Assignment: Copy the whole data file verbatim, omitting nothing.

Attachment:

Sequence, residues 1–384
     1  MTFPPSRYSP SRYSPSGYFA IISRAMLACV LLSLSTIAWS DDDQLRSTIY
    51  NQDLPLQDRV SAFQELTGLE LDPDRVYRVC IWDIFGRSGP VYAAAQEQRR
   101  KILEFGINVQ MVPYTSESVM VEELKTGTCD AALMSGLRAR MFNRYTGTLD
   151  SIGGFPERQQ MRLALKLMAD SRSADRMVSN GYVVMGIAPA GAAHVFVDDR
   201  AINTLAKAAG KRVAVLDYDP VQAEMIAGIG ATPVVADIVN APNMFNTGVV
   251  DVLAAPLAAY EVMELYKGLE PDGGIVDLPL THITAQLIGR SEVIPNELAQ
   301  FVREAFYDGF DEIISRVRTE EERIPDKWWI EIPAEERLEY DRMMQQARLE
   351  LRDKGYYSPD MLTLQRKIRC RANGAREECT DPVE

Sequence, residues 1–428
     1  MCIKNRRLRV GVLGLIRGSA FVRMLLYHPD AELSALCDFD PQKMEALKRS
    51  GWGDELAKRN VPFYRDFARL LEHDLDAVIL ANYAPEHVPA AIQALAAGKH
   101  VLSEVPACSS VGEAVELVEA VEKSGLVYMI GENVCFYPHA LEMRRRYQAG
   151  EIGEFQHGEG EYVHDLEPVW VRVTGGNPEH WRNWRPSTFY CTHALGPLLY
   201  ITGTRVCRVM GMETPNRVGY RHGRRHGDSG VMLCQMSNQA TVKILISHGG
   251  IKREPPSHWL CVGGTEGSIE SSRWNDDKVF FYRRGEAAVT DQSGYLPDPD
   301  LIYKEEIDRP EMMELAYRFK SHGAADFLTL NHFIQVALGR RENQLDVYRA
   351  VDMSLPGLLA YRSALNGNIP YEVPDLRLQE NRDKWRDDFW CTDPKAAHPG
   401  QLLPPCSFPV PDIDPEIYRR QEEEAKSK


Sequence, residues 1–384
     1  MTFPPSRYSP SRYSPSGYFA IISRAMLACV LLSLSTIAWS DDDQLRSTIY
    51  NQDLPLQDRV SAFQELTGLE LDPDRVYRVC IWDIFGRSGP VYAAAQEQRR
   101  KILEFGINVQ MVPYTSESVM VEELKTGTCD AALMSGLRAR MFNRYTGTLD
   151  SIGGFPERQQ MRLALKLMAD SRSADRMVSN GYVVMGIAPA GAAHVFVDDR
   201  AINTLAKAAG KRVAVLDYDP VQAEMIAGIG ATPVVADIVN APNMFNTGVV
   251  DVLAAPLAAY EVMELYKGLE PDGGIVDLPL THITAQLIGR SEVIPNELAQ
   301  FVREAFYDGF DEIISRVRTE EERIPDKWWI EIPAEERLEY DRMMQQARLE
   351  LRDKGYYSPD MLTLQRKIRC RANGAREECT DPVE

Sequence, residues 1–428
     1  MCIKNRRLRV GVLGLIRGSA FVRMLLYHPD AELSALCDFD PQKMEALKRS
    51  GWGDELAKRN VPFYRDFARL LEHDLDAVIL ANYAPEHVPA AIQALAAGKH
   101  VLSEVPACSS VGEAVELVEA VEKSGLVYMI GENVCFYPHA LEMRRRYQAG
   151  EIGEFQHGEG EYVHDLEPVW VRVTGGNPEH WRNWRPSTFY CTHALGPLLY
   201  ITGTRVCRVM GMETPNRVGY RHGRRHGDSG VMLCQMSNQA TVKILISHGG
   251  IKREPPSHWL CVGGTEGSIE SSRWNDDKVF FYRRGEAAVT DQSGYLPDPD
   301  LIYKEEIDRP EMMELAYRFK SHGAADFLTL NHFIQVALGR RENQLDVYRA
   351  VDMSLPGLLA YRSALNGNIP YEVPDLRLQE NRDKWRDDFW CTDPKAAHPG
   401  QLLPPCSFPV PDIDPEIYRR QEEEAKSK